Moreover, the present study will examine competitive a-state anxiety and the impact of relaxation training.  The variable being manipulated is the relaxation training, which is defined as progressive muscle relaxation.  Progressive muscle relaxation generates relaxation by systematically progressing through skeletal muscles.  The variables being measured are the subject's trait anxiety level, state anxiety level and the three sub-levels of state anxiety: somatic a-state, cognitive a-state, and state self-confidence.  Prior to training, a sport competition trait anxiety questionnaire will assess the trait anxiety and a sport  competition inventory post relaxation training will assess the various anxiety levels.  It is hypothesized that athletes administered progressive muscle relaxation training will express lower overall competitive anxiety levels.  The lower competitive a-state level in the experimental group will be a result of lower anxiety of the sub-levels, somatic a-state and cognitive a-state.  In turn, an increase of the level of state self-confidence will be exhibited compared to athletes in the control group.

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Method

Participants
The study consisted of twelve female collegiate cross-country runners from Saint Anselm College, participating on a voluntary basis.  The sample consisted of freshman, sophomores, juniors, and seniors ranging from ages 18-22.  Subjects were scheduled to read and sign a consent form.  The criterion for inclusion was being free of any injury that would impede on running ability.  The criterion for exclusion was having an injury that would negatively effect running ability.  Subjects were randomly assigned to one of two groups, and then administered a trait anxiety survey.

Materials
 A one part Sport Competition Anxiety Test (SCAT), Form A (Martens, Vealey, & Burton, 1990) was used to measure each subject's competitive trait anxiety.  The SCAT measures an individual's tendency to perceive competitive situations as anxiety provoking.  The SCAT takes less than 5 minutes to complete and consists of 15 items including 10 anxiety related statements and five filler items, each rated on a Likret scale from A (hardly ever) to C (often).  Subjects are requested to blacken in one of three circles that best describe how they feel in general.  Some examples of statements include, "Before I compete I feel uneasy" or "Before I compete I am calm".  The SCAT is used extensively in sport psychology research, and has sufficient test-retest reliability, r = .61 to .95; and internal consistency, alpha coefficients ranging from .95 to .97.

The Competitive State Anxiety Inventory-2 (CSAI-2) (Martens, Vealey, & Burton, 1990) was also used.  The CSAI-2 was developed to measure the dimensions of state anxiety.  The CSAI-2, a multidimensional state measure of competitive anxiety, measures respondents' feelings and thoughts about competition at a given time or moment.  The CSAI-2 takes approximately 5 minutes to complete and consists of 27 items each rated on a Likert scale from I (not at all) to 4 (very much so).  Participants are asked to read each statement carefully and blacken in one of the four circles that accurately describe their feelings at that moment.  Participants are also reminded that there are no right or wrong answers and they are told not to spend too much time on any one statement but give the answer which best describe present feelings.  The 27 items represent three 9-item sub-scales: cognitive a-state anxiety, "I am concerned about losing", somatic a-state, I feel jittery", and state self-confidence, I feel secure".  Scoring for each factor on the CSAI-2 ranges from a possible 9 to 36. Several studies support the three sub-scales as sport specific measures of state anxiety. Alpha coefficients ranging from .79 to .90 have demonstrated a high degree of internal consistency.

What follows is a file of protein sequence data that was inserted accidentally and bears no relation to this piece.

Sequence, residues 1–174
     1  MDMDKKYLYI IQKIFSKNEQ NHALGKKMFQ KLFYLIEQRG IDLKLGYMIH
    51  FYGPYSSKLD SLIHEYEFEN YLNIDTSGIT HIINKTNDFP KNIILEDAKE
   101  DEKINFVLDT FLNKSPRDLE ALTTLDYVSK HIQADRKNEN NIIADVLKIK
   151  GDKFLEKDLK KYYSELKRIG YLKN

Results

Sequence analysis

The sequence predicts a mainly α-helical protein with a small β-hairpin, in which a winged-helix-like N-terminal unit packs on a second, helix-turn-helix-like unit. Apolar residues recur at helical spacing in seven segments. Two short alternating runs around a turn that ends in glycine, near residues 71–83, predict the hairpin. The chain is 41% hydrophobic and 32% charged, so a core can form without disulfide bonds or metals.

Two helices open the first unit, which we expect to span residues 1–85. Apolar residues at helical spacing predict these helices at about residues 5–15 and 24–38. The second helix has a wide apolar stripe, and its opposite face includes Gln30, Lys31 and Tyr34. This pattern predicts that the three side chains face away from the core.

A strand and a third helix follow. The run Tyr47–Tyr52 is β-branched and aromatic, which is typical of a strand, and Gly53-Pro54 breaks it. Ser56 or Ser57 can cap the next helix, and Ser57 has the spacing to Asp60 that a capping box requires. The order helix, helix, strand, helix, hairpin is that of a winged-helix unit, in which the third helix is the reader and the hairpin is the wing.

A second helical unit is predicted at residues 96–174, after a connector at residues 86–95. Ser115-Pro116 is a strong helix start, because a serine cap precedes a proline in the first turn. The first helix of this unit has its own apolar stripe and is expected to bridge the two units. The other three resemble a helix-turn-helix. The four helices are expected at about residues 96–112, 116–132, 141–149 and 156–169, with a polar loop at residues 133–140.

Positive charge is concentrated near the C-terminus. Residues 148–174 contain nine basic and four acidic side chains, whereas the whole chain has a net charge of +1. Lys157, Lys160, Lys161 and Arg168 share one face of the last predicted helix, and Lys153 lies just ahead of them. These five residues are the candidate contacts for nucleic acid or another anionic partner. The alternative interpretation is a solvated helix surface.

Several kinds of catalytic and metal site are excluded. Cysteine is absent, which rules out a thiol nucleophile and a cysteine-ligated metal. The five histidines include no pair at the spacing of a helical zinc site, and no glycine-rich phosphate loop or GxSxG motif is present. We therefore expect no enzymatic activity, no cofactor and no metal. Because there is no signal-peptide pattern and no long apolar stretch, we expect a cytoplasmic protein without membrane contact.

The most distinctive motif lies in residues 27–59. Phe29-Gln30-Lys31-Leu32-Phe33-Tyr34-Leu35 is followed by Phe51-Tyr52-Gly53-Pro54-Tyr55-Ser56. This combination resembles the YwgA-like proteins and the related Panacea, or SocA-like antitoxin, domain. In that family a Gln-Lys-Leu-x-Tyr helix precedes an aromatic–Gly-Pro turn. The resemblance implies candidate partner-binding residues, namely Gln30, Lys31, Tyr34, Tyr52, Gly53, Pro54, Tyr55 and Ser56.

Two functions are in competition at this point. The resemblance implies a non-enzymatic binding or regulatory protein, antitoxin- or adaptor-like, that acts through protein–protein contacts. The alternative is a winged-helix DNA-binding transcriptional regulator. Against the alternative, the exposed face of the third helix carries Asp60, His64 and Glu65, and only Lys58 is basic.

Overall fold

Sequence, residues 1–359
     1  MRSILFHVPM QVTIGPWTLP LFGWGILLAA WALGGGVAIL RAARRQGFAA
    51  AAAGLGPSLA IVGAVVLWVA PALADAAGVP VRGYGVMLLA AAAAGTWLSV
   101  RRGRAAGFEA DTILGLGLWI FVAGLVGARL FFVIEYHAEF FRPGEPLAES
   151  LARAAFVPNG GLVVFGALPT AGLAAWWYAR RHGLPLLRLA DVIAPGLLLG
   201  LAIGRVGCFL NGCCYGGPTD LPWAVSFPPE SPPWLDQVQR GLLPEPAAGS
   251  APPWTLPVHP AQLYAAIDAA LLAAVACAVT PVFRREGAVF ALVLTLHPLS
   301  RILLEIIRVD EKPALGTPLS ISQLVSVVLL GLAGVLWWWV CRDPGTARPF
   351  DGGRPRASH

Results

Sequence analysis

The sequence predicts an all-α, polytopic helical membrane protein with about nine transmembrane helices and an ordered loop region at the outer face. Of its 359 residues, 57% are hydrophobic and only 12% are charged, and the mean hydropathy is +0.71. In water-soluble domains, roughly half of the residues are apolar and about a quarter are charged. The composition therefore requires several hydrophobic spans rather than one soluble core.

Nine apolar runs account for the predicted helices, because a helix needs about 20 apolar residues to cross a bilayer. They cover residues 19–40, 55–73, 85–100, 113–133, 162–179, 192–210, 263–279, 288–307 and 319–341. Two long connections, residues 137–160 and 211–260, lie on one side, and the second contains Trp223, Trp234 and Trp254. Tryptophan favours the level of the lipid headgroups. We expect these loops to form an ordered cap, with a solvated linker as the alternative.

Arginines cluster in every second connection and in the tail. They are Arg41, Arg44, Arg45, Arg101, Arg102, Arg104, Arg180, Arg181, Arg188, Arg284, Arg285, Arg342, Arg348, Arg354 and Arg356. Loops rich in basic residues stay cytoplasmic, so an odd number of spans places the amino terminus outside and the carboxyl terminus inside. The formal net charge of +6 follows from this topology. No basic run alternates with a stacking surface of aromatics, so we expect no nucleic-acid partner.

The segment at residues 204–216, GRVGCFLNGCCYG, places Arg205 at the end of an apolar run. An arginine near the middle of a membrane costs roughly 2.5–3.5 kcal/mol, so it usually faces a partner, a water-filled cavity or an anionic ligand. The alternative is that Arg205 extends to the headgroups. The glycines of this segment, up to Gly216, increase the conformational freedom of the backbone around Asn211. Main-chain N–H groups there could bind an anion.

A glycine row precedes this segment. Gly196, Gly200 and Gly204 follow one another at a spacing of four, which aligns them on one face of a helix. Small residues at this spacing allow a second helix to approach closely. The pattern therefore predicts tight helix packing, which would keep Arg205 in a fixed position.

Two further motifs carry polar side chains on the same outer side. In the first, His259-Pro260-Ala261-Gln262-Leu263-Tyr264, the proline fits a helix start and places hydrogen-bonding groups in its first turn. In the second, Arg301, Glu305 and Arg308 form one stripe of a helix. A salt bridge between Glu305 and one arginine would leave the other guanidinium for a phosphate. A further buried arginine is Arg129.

A Script for Relaxation, was also used to teach subjects how to employ progressive muscle relaxation techniques to ease tension in major muscle groups in the presence of anxiety (Jacobson, 1938).  Subjects were instructed for approximately 15 minutes each day for a one-week period on how to progressively
tense and relax skeletal muscles throughout the body.

Procedure
Subjects were selected from a convenient sample of female cross-country runners from Saint Anselm College.  A total of seven subjects were dismissed from the study due to injury.  Remaining subjects were asked to read and sign a consent form.  Subjects were randomly assigned to one of two groups, an experimental group or a control group.  Six athletes were assigned to the experimental relaxation training group; (group 1) and the remaining six were placed in a non-training group (group 2).  Subjects were then administered the SCAT to determine trait anxiety levels.  For the purpose of this study, the trait anxiety levels were pre-tested to allow the experimenter to examine the general range of trait anxiety levels.  Next, group I was exposed to progressive muscle relaxation, involving first tensing and then relaxing major muscle groups.  The training lasted approximately 15 minutes, each day for a period of one week. During this time, group 2 received no training.  At the end of the one-week period, which was also the day of race, both group I and group 2 were required to answer the CSAI-2.  Finally, a debriefing form was distributed to all subjects describing the nature of the study, subjects were thanked for their participation in the study and all questions were answered regarding the study.